Chan responded that the claims were concerning but defended CZI on the grounds that “DEI may look different for each of us.” Chan rejected the idea of hiring a seasoned DEI professional, indicating that she preferred to select a more junior individual for the role. She said that she wanted to “give them the opportunity to develop in the role and in their understanding of these issues, in the same way we’ve been able to develop you on the Criminal Justice team.” This comment further highlighted the patronizing approach that CZI took with its Black employees, treating him not as a valued and productive member of the organization but rather as an underprivileged and perpetual junior-level staff member who should be grateful for the opportunity to develop his talents at CZI.
CZI’s treatment of its Black employees mirrored its perception of the Black experience. CZI was simultaneously hostile to efforts to question the racial status quo and defensive about criticism that its grant-making was not sufficiently progressive. For example, in early 2019 Holgado proposed bringing in Edgar Villanueva, philanthropy executive and author of Decolonizing Wealth. Holgado had known Villanueva for multiple years and believed his book and framing of the dynamics of philanthropy would be enriching for CZI grant-makers and general staff. While initial support for this idea was strong from staff members, the Legal team shut down the proposal. Holgado was told that grant-makers already felt that their work was not progressive and responsive to community needs. They believed that Villanueva would only highlight more issues of contention for staff and felt that CZI had to be careful not to “stoke the flames.” Later in 2019, Holgado again proposed bringing Villaneuva in to discuss his work, pitching the idea to Troncoso, then head of Criminal Justice Reform. Troncoso quickly shot the idea down, explaining that “we don’t need anyone coming in here and telling us we’re serving white supremacy culture.”
On another occasion, shortly after joining the Criminal Justice Reform department Holgado was warned by a senior member of the team that he should refrain from advocating for grantmaking strategies that expressly addressed the racial disparities present in the criminal justice system. Despite the wealth of research illustrating structural racism in the American legal system and the disproportionate incarceration of the Black population, Holgado was told that Zuckerberg and Chan did not view race as relevant to the issue of mass incarceration and that previous attempts to push the pair on this issue had contributed to a former employee being terminated.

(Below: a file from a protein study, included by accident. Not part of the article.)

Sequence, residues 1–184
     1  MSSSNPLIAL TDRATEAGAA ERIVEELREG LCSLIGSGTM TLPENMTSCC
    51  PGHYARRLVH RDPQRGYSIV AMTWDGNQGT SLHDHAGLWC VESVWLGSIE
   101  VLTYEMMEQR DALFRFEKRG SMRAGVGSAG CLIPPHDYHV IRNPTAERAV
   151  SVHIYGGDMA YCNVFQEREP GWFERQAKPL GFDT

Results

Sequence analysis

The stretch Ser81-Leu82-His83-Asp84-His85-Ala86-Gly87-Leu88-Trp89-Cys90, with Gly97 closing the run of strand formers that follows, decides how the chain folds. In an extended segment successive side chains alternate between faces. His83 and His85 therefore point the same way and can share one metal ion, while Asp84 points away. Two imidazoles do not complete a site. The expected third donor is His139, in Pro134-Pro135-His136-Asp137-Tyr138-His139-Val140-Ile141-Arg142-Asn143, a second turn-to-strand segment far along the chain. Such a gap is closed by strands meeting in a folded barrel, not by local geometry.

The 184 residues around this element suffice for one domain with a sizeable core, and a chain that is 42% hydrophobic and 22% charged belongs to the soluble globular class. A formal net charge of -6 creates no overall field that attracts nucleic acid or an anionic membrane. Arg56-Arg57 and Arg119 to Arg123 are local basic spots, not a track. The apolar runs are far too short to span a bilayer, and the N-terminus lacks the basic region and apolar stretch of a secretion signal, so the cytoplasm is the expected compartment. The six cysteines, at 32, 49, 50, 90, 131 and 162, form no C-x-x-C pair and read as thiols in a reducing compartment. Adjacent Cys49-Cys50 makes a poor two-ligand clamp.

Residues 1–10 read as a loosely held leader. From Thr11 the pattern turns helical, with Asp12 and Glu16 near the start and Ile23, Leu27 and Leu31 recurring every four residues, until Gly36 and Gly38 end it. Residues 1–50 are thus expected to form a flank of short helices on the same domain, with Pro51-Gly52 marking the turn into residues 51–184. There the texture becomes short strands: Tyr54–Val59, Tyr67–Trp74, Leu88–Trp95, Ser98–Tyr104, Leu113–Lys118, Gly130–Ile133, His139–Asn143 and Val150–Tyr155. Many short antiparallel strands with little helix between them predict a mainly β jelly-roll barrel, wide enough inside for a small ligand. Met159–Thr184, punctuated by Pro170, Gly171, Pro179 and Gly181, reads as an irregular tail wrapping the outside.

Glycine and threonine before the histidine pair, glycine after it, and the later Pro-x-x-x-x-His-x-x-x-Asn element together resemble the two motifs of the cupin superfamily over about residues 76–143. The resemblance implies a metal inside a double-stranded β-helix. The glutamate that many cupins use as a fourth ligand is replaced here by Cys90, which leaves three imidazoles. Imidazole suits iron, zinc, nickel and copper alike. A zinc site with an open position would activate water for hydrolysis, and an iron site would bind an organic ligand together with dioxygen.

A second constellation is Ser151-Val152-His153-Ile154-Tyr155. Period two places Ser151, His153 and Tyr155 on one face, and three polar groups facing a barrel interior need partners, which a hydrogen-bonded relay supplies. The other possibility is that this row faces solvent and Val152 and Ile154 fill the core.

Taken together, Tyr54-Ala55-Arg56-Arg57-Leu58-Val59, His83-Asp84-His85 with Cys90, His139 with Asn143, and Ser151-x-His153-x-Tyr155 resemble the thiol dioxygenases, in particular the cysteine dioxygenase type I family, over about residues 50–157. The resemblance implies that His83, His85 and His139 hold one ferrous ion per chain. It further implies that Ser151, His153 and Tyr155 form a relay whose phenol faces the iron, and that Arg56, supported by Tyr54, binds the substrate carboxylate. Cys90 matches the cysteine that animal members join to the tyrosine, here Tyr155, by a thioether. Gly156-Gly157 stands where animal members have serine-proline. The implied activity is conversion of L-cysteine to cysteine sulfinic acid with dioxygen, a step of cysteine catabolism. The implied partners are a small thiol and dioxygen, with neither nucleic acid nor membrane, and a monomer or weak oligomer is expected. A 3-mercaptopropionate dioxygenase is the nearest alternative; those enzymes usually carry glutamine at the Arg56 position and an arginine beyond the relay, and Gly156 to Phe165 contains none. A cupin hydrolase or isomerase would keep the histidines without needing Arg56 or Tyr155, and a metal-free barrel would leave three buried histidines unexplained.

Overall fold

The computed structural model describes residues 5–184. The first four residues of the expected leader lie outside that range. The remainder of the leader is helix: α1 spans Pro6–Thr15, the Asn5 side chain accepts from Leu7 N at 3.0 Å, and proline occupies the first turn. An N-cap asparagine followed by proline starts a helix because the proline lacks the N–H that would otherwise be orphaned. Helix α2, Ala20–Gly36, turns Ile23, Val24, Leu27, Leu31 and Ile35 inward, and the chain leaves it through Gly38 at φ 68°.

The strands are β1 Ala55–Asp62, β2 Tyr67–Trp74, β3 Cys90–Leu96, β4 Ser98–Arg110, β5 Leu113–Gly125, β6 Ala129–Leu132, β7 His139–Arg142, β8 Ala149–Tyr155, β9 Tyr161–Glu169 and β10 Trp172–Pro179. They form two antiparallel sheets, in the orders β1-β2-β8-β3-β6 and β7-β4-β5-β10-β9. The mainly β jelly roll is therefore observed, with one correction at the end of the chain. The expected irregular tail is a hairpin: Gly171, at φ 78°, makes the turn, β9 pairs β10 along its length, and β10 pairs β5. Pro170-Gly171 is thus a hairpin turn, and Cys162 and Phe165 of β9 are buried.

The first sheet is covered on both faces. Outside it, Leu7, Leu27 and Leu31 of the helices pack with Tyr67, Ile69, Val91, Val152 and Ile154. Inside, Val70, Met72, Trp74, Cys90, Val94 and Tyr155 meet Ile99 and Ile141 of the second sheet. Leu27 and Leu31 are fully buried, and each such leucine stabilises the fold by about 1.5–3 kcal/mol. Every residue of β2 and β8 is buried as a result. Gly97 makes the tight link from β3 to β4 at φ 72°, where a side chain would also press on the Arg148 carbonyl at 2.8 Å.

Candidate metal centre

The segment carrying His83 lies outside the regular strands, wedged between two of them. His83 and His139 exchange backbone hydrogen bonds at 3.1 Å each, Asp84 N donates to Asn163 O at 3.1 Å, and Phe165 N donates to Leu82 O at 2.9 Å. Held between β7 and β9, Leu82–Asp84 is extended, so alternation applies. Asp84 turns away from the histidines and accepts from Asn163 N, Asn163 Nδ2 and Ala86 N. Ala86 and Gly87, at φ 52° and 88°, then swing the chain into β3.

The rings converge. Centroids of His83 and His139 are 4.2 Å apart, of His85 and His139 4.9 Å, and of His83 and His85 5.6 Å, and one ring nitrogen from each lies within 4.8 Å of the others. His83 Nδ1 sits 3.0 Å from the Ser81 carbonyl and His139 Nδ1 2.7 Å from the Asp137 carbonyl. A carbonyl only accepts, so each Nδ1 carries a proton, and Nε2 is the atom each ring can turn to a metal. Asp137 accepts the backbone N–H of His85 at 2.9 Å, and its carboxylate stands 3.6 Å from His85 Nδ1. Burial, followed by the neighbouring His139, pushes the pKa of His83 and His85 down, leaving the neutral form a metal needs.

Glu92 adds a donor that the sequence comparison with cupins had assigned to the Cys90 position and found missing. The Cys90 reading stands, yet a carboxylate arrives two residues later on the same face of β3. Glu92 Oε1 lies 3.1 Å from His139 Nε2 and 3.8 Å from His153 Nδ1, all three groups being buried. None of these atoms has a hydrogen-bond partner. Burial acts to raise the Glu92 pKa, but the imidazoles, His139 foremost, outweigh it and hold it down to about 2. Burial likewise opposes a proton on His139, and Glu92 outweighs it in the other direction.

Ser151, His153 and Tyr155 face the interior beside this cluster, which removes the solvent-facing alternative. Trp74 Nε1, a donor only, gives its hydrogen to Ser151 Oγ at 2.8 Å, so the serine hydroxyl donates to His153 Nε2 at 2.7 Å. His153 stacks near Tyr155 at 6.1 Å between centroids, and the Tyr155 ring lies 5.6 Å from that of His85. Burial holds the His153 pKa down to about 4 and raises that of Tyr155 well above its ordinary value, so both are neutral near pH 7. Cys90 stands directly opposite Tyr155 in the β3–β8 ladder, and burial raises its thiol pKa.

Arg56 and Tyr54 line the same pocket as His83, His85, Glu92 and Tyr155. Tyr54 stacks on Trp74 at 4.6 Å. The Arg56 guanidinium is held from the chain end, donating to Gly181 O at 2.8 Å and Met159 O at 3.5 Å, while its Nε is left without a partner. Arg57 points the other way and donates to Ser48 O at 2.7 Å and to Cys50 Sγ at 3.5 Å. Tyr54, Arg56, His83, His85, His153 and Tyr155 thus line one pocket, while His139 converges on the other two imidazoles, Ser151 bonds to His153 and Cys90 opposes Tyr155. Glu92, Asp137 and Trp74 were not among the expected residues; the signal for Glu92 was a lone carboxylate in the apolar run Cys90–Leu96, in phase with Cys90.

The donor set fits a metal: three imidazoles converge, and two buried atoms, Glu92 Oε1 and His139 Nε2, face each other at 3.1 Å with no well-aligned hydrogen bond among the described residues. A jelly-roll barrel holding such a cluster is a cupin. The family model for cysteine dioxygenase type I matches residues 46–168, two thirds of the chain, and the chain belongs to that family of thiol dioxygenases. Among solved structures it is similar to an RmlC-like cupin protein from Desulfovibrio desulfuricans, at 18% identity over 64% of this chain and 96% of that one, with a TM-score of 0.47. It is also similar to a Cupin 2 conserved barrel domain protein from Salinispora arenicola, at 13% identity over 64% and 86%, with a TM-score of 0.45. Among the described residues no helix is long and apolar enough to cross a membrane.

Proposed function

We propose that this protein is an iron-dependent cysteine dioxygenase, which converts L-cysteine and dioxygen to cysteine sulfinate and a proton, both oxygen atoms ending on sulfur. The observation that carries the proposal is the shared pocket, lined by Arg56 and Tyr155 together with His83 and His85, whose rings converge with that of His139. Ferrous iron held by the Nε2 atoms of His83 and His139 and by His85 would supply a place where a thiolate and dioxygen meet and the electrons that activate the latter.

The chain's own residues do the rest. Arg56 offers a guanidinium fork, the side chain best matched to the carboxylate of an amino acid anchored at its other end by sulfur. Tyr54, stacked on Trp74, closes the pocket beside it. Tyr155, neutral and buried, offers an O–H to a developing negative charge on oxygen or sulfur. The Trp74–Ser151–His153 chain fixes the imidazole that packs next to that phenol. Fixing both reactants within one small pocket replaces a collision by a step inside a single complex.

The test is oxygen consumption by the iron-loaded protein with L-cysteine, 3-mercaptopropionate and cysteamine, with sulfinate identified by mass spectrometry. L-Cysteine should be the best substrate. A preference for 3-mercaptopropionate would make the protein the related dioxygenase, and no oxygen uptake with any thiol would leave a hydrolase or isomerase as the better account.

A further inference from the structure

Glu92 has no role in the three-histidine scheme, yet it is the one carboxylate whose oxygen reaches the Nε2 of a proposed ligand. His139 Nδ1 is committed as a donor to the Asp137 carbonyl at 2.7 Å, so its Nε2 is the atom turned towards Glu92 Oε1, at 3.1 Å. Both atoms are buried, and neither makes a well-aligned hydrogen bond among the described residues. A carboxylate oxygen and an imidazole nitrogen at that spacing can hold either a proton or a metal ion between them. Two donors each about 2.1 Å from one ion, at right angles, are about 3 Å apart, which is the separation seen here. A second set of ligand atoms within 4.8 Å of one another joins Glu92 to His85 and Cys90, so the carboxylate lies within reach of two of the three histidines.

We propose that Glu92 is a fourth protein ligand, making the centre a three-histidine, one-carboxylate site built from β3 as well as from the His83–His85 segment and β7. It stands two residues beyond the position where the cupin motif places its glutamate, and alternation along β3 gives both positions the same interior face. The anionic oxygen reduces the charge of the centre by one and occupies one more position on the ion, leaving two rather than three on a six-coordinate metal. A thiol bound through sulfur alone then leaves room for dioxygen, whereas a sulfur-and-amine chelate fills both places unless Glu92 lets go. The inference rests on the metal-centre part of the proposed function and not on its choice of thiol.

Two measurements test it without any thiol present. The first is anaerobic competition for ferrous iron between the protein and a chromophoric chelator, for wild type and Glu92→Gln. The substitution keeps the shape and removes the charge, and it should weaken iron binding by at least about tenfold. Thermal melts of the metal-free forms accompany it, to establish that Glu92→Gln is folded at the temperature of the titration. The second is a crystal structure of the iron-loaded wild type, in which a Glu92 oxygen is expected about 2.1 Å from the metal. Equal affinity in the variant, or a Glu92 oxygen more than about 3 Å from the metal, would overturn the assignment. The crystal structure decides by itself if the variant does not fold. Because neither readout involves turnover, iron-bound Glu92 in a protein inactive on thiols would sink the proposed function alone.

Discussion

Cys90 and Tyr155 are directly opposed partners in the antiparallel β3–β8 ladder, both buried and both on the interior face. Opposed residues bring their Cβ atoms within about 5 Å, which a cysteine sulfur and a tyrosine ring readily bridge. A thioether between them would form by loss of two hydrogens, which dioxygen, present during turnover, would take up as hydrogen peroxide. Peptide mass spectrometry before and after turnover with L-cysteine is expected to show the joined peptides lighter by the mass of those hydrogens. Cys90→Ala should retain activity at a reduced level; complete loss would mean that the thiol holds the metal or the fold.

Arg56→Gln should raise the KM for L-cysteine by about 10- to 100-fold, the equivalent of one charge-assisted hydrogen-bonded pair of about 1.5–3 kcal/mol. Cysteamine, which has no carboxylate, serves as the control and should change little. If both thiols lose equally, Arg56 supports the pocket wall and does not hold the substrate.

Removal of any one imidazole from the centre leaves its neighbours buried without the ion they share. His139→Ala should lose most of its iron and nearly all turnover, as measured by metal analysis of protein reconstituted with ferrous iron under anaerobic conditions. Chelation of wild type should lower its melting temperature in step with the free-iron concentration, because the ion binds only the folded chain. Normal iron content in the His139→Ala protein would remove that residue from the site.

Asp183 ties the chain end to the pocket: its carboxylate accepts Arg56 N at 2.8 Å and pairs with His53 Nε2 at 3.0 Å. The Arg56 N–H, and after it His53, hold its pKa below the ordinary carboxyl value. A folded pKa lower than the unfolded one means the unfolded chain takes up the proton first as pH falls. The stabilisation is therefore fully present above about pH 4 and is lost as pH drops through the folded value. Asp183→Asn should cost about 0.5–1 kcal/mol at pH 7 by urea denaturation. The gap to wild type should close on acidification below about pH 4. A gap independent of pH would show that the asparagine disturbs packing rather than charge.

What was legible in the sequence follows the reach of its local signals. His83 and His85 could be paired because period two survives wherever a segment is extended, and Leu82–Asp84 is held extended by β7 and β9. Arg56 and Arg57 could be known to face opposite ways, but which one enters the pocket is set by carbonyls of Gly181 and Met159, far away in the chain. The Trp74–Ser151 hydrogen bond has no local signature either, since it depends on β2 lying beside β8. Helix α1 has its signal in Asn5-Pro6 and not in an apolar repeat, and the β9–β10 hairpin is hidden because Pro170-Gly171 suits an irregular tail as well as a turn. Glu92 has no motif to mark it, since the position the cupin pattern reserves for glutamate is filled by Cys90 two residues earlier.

Holgado has not been alone in raising issues of racial discrimination at CZI. He served on the steering committee of CZI’s Black employee resource group, Building Leadership and Knowledge (BLK). Following the murder of George Floyd and the public outcry earlier this year, CZI made a public push to portray itself as a racial justice funder for whom “Black Lives Matter.” Recognizing the hypocrisy and performative nature of the comments coming from leadership given the racial discrimination many Black employees had experienced at CZI, BLK took action to ensure that the organization was held accountable to these professed values. BLK collectively drafted a letter to Chan expressing the need to address these issues of racial inequity, both internally and throughout CZI’s grantmaking, along with a list of requests that they believed would be good faith first steps for the organization. This resulted in a series of weekly meetings between Chan, Chief Operating Officer Josué Estrada and BLK membership.
Early on in their meetings, Chan made it clear that she was not willing to meet BLK’s requests — most notably, she would not share the pay equity data that BLK had requested. Chan stated that she did not wish to release that data until she had a more thorough understanding of it, along with a plan on how the organization could improve the data moving forward. Notably, during a July 17th, 2020 meeting, Chan stated that the attrition rate of Black employees was higher than other employee groups adding that the difference was “in fact statistically significant. So, I want to acknowledge that.” Many Black employees present at this meeting walked away feeling Chan was ill-equipped to discuss these issues, let alone address them.